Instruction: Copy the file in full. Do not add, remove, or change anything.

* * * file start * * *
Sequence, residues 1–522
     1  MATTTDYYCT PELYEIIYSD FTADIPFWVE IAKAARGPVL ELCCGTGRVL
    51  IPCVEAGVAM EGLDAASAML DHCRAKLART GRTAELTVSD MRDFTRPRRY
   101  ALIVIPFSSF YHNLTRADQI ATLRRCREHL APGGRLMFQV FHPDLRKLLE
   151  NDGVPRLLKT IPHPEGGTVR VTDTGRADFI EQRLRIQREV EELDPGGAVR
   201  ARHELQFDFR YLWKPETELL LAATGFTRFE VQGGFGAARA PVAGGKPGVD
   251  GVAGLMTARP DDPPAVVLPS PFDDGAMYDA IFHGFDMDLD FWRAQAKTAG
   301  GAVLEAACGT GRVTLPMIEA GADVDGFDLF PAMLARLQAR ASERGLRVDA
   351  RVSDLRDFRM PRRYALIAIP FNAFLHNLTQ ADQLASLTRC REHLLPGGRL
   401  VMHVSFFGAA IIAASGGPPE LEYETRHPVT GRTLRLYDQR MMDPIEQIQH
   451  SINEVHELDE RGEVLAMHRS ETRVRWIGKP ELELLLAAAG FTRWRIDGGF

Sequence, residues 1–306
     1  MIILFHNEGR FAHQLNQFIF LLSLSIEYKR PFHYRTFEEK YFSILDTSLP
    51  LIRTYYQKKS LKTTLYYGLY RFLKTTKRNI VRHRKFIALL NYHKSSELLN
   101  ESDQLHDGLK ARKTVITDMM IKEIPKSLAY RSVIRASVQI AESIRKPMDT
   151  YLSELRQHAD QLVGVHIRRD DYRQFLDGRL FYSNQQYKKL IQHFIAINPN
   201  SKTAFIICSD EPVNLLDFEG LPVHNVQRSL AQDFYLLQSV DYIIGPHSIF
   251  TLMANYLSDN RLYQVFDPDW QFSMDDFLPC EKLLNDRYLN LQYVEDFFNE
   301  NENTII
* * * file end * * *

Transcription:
Sequence, residues 1–522
     1  MATTTDYYCT PELYEIIYSD FTADIPFWVE IAKAARGPVL ELCCGTGRVL
    51  IPCVEAGVAM EGLDAASAML DHCRAKLART GRTAELTVSD MRDFTRPRRY
   101  ALIVIPFSSF YHNLTRADQI ATLRRCREHL APGGRLMFQV FHPDLRKLLE
   151  NDGVPRLLKT IPHPEGGTVR VTDTGRADFI EQRLRIQREV EELDPGGAVR
   201  ARHELQFDFR YLWKPETELL LAATGFTRFE VQGGFGAARA PVAGGKPGVD
   251  GVAGLMTARP DDPPAVVLPS PFDDGAMYDA IFHGFDMDLD FWRAQAKTAG
   301  GAVLEAACGT GRVTLPMIEA GADVDGFDLF PAMLARLQAR ASERGLRVDA
   351  RVSDLRDFRM PRRYALIAIP FNAFLHNLTQ ADQLASLTRC REHLLPGGRL
   401  VMHVSFFGAA IIAASGGPPE LEYETRHPVT GRTLRLYDQR MMDPIEQIQH
   451  SINEVHELDE RGEVLAMHRS ETRVRWIGKP ELELLLAAAG FTRWRIDGGF

Sequence, residues 1–306
     1  MIILFHNEGR FAHQLNQFIF LLSLSIEYKR PFHYRTFEEK YFSILDTSLP
    51  LIRTYYQKKS LKTTLYYGLY RFLKTTKRNI VRHRKFIALL NYHKSSELLN
   101  ESDQLHDGLK ARKTVITDMM IKEIPKSLAY RSVIRASVQI AESIRKPMDT
   151  YLSELRQHAD QLVGVHIRRD DYRQFLDGRL FYSNQQYKKL IQHFIAINPN
   201  SKTAFIICSD EPVNLLDFEG LPVHNVQRSL AQDFYLLQSV DYIIGPHSIF
   251  TLMANYLSDN RLYQVFDPDW QFSMDDFLPC EKLLNDRYLN LQYVEDFFNE
   301  NENTII